Leapfrog Opens Up Survey About Ambulatory Surgery Center Quality

The Leapfrog Group has launched its first annual survey on patient safety and quality in ambulatory surgery centers.

There are more same-day surgeries that take place in ambulatory surgery centers (ASCs) rather than hospitals, due to factors such as payer preference and patient preference. But although information about the quality of hospitals can be researched through various websites, information about ASCs is not as easy to come by.

Medicare includes data sets (national, state, and facility) collected through its Ambulatory Surgical Center Quality Reporting (ASCQR) Program, but the information is not presented in a way that is intuitive for the average consumer to understand and use. In addition, the ASC information is not as robust as what Medicare requires for its Hospital Compare site.

To that end, the Leapfrog Group has launched its first annual ASC survey on patient safety and quality. The survey opened April 1 and ends November 30. Like Leapfrog Group’s hospital survey, the ASC survey is voluntary.

Erica Mobley, Leapfrog Group’s director of operations, said in an interview with The American Journal of Managed Care® that taking the survey will give ASCs the opportunity to benchmark their progress in improving the care they deliver.

“We have been talking about expanding the survey for at least 5 years,” she said. Their board recognized that this was a gap that had to be filled, she said. “We recognized that no one else has been doing it.”

Leapfrog created the survey and the supporting documents with a panel of experts who identified key areas to be addressed, Mobley said.

The survey goes beyond the ASCQR reporting required by Medicare, which asks about surgeries involving the wrong site, wrong side, wrong patient, wrong procedure, or wrong implant; patient burns or falls; or transfers to a hospital, among other things.

The information that Medicare does or does not require about surgery centers, as well as the mix of the level of detailed reporting required by states, was cited as a shortcoming last year in a series of articles by Kaiser Health News and USA Today. The reports found that since 2013, more than 260 patients died after care at centers that lacked appropriate lifesaving equipment, operated on very fragile patients, or sent patients home before they fully recovered.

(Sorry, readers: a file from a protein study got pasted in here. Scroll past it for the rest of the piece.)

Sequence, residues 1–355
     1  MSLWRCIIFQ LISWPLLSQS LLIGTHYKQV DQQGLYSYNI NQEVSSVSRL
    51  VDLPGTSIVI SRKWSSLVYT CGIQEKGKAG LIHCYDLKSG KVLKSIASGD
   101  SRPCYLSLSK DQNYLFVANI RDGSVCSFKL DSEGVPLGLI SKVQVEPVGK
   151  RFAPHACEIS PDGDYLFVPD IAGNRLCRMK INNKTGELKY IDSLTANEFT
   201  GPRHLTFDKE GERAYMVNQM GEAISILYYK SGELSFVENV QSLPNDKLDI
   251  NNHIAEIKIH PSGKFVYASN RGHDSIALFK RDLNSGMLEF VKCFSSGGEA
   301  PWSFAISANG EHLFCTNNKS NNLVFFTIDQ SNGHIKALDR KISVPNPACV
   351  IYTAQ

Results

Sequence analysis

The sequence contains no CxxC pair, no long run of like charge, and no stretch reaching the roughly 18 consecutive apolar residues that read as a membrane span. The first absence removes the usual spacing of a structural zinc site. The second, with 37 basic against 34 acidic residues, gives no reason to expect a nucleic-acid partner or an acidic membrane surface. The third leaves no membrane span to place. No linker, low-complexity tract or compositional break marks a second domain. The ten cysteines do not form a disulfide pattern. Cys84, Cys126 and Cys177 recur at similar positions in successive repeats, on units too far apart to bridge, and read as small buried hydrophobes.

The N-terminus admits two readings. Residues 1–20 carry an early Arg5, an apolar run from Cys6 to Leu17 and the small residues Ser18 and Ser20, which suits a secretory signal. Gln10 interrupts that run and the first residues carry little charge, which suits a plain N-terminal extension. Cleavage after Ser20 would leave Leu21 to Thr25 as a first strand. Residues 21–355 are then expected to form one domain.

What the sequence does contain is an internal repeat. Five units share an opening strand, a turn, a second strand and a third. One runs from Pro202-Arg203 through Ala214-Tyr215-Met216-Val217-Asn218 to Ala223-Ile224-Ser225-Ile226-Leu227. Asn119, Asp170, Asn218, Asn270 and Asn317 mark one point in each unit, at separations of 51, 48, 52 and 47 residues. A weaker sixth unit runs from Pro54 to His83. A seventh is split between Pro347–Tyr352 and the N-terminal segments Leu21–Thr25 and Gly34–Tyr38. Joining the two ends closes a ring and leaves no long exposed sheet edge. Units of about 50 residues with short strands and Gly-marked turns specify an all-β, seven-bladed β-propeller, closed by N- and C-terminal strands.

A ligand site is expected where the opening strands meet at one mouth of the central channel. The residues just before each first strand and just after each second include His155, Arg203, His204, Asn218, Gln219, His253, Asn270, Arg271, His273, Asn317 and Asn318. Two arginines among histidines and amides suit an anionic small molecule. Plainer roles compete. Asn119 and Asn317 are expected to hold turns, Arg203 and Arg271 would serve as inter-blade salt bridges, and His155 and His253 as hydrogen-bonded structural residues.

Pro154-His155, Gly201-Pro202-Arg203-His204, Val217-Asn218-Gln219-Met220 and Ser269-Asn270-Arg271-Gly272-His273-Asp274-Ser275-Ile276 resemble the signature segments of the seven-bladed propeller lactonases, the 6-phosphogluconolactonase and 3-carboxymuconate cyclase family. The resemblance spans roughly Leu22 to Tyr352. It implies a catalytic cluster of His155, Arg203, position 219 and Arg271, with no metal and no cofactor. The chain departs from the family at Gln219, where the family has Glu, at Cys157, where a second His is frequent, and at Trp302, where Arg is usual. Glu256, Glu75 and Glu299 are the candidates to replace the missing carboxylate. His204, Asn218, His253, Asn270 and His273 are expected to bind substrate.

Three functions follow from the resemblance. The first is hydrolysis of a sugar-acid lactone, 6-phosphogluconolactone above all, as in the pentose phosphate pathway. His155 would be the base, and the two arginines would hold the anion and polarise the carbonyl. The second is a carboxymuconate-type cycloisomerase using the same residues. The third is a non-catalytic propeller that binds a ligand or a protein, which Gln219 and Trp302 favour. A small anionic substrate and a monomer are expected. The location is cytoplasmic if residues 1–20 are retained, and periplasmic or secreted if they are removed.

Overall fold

The reports “certainly raised a lot of key issues that were already on our radar,” said Mobley.

The Leapfrog survey asks, for instance, whether or not there is a clinician trained in advanced cardiovascular life support available for both adults and children. It also asks about volume for specific procedures and what procedures are in place to follow up with patients after hours.

The survey also seeks information about how centers screen for high-risk patients. One 2013 study found that there are 7 indicators for patients who may be at risk for complications as an outpatient: overweight body mass index, obese body mass index, chronic obstructive pulmonary disease, history of transient ischemic attack/stroke, hypertension, previous cardiac surgical intervention, and prolonged operative time.1

For the first year, however, individual centers will not be named when the report is written. Leapfrog will release an aggregate report, which will also include data about hospital outpatient facilities. For now, facilities that participate will get benchmarking information. In 2020, the report will identify individual centers.

Originally, Leapfrog was going to cap participation in the first year, but now it will keep it open. With more than 5000 ASCs in the country, Mobley said it is “tough to say” how many will participate.

The project has the support of the Ambulatory Surgery Center Association, which has its annual meeting in May in Nashville, but Mobey said that the trade association had no influence over content.

“We are looking forward to shedding light on the safety of care in these facilities which the public currently has little way of knowing,” she said.


Mathis MR, Naughton NN, Shanks AM, et al. Patient selection for day case-eligible surgery: identifying those at high risk for major complications. Anesthesiology. 2013;119(6):1310-1321. doi: 10.1097/ALN.0000000000000005.

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